Featured Research

from universities, journals, and other organizations

Airborne Acid May Help Soot Turn Into Cloud Seeds

Date:
March 28, 2009
Source:
American Geophysical Union
Summary:
Carbon soot aerosols from combustion of fossil fuels and forest fires directly influence the Earth-atmosphere heat balance by absorbing sunlight. Fresh soot particles repel water and hence have little effect on properties and lifetimes of clouds. As soot particles age, they are thought to undergo a weathering process that allows them to absorb water, potentially transforming particles into cloud condensation nuclei.

Carbon soot aerosols from combustion of fossil fuels and forest fires directly influence the Earth-atmosphere heat balance by absorbing sunlight. Fresh soot particles repel water and hence have little effect on properties and lifetimes of clouds.

Related Articles


As soot particles age, they are thought to undergo a weathering process that allows them to absorb water, potentially transforming particles into cloud condensation nuclei.

To learn more about how soot develops an affinity for water, Khalizov et al. examine the properties of soot aerosols exposed to gaseous sulfuric acid. They find that although fresh soot does not change below water saturation, soot particles exposed to sulfuric acid increase in mass when relative humidity rises because the acid-coated soot absorbs water.

An increase in particle mass is often accompanied by a decrease in size, suggesting that conventional measurement methods based on particle size may underestimate the impact of soot aging on clouds.

Because sulfuric acid, a pollutant and the driving agent in acid rain, is increasing in the atmosphere due to industrial activities, the authors expect that this mechanism of water absorption by acid-coated soot significantly influences cloud formation.

The findings are reported in the Journal of Geophysical Research-Atmospheres.

The authors include: Alexei F. Khalizov, Renyi Zhang, Dan Zhang, and Huaxin Xue: Department of Atmospheric sciences, Texas A&M University, College Station, Texas, U.S.A.; Joakim Pagels: Department of Mechanical Engineering, University of Minnesota, Minneapolis, Minnesota, U.S.A.; also at Division of Ergonomics and Aerosol Technology, Faculty of Engineering, Lund University, Lund, Sweden; Peter H. McMurry: Department of Mechanical Engineering, University of Minnesota, Minneapolis, Minnesota, U.S.A.


Story Source:

The above story is based on materials provided by American Geophysical Union. Note: Materials may be edited for content and length.


Journal Reference:

  1. Khalizov et al. Formation of highly hygroscopic soot aerosols upon internal mixing with sulfuric acid vapor. Journal of Geophysical Research, 2009; 114 (d5): D05208 DOI: 10.1029/2008JD010595

Cite This Page:

American Geophysical Union. "Airborne Acid May Help Soot Turn Into Cloud Seeds." ScienceDaily. ScienceDaily, 28 March 2009. <www.sciencedaily.com/releases/2009/03/090325155535.htm>.
American Geophysical Union. (2009, March 28). Airborne Acid May Help Soot Turn Into Cloud Seeds. ScienceDaily. Retrieved January 31, 2015 from www.sciencedaily.com/releases/2009/03/090325155535.htm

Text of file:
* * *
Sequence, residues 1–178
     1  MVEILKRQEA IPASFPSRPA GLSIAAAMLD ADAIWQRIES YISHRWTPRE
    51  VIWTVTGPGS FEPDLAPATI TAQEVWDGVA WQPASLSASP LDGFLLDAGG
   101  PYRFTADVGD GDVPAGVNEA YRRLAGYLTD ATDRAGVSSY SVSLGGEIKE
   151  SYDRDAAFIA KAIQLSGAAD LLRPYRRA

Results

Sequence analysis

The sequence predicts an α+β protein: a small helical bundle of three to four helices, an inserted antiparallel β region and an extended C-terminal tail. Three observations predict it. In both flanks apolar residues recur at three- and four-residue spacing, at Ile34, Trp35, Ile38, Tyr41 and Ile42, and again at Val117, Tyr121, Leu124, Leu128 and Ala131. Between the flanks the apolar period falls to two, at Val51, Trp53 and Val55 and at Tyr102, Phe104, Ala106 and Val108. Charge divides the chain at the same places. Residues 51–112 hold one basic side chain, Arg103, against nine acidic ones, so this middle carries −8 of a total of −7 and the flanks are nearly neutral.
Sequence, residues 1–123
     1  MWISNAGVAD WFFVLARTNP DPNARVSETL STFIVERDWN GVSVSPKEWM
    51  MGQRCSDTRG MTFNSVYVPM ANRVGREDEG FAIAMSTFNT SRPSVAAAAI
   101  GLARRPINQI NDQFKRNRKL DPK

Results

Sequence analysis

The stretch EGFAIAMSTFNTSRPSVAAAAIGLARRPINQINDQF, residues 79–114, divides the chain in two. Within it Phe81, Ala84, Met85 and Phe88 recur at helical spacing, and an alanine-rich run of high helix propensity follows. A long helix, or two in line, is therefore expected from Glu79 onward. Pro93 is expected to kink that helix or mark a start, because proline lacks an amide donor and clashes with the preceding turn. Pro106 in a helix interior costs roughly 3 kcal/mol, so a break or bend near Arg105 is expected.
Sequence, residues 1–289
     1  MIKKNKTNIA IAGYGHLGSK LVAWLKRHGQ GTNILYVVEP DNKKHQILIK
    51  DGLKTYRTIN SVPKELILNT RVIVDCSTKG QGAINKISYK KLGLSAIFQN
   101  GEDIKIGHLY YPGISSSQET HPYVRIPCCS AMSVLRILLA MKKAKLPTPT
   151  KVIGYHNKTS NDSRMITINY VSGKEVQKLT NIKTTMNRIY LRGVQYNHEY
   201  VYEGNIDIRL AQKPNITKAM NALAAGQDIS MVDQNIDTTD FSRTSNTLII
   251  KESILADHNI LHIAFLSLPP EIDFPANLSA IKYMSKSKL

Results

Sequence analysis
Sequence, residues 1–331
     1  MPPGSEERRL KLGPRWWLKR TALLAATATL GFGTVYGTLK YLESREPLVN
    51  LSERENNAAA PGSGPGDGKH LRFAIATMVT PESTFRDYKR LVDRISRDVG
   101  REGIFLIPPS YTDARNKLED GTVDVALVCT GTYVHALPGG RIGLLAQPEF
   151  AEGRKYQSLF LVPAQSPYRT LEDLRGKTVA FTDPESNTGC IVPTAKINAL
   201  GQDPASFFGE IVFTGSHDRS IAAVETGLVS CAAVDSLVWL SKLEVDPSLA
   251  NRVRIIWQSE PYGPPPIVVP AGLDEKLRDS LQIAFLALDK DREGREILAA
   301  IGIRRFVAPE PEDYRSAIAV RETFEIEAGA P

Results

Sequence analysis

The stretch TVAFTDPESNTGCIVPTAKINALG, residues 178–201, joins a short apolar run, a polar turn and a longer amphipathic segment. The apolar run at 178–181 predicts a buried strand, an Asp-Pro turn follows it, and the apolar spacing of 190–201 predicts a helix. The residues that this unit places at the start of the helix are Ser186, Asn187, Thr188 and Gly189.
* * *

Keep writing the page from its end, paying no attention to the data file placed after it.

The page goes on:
American Geophysical Union. "Airborne Acid May Help Soot Turn Into Cloud Seeds." ScienceDaily. www.sciencedaily.com/releases/2009/03/090325155535.htm (accessed January 31, 2015).

Share This


More From ScienceDaily



More Earth & Climate News

Saturday, January 31, 2015

Featured Research

from universities, journals, and other organizations


Featured Videos

from AP, Reuters, AFP, and other news services

Raw: Rare Clouds Fill Grand Canyon

Raw: Rare Clouds Fill Grand Canyon

AP (Jan. 29, 2015) For the second time in two months, a rare weather phenomenon filled the Grand Canyon with thick clouds just below the rim on Wednesday. (Jan. 29) Video provided by AP
Powered by NewsLook.com
Senate Passes Bill for Keystone XL Pipeline

Senate Passes Bill for Keystone XL Pipeline

AP (Jan. 29, 2015) The Republican-controlled Senate has passed a bipartisan bill approving construction of the Keystone XL oil pipeline. (Jan. 29) Video provided by AP
Powered by NewsLook.com
"Cloud Inversion" In Grand Canyon

"Cloud Inversion" In Grand Canyon

Reuters - US Online Video (Jan. 29, 2015) Time lapse video captures a blanket of clouds amassing in the Grand Canyon -- the result of a rare meteorological process called "cloud inversion." Rough Cut (no reporter narration). Video provided by Reuters
Powered by NewsLook.com
Why Researchers Say We Should Cut Back On Biofuels

Why Researchers Say We Should Cut Back On Biofuels

Newsy (Jan. 29, 2015) Biofuels aren&apos;t the best alternative to fossil fuels, according to a new report. In fact, they&apos;re quite a bad one. Video provided by Newsy
Powered by NewsLook.com

Search ScienceDaily

Number of stories in archives: 140,361

Find with keyword(s):
Enter a keyword or phrase to search ScienceDaily for related topics and research stories.

Save/Print:
Share:

Breaking News:

Strange & Offbeat Stories


Plants & Animals

Earth & Climate

Fossils & Ruins

In Other News

... from NewsDaily.com

Science News

Health News

Environment News

Technology News



Save/Print:
Share:

Free Subscriptions


Get the latest science news with ScienceDaily's free email newsletters, updated daily and weekly. Or view hourly updated newsfeeds in your RSS reader:

Get Social & Mobile


Keep up to date with the latest news from ScienceDaily via social networks and mobile apps:

Have Feedback?


Tell us what you think of ScienceDaily -- we welcome both positive and negative comments. Have any problems using the site? Questions?
Mobile: iPhone Android Web
Follow: Facebook Twitter Google+
Subscribe: RSS Feeds Email Newsletters
Latest Headlines Health & Medicine Mind & Brain Space & Time Matter & Energy Computers & Math Plants & Animals Earth & Climate Fossils & Ruins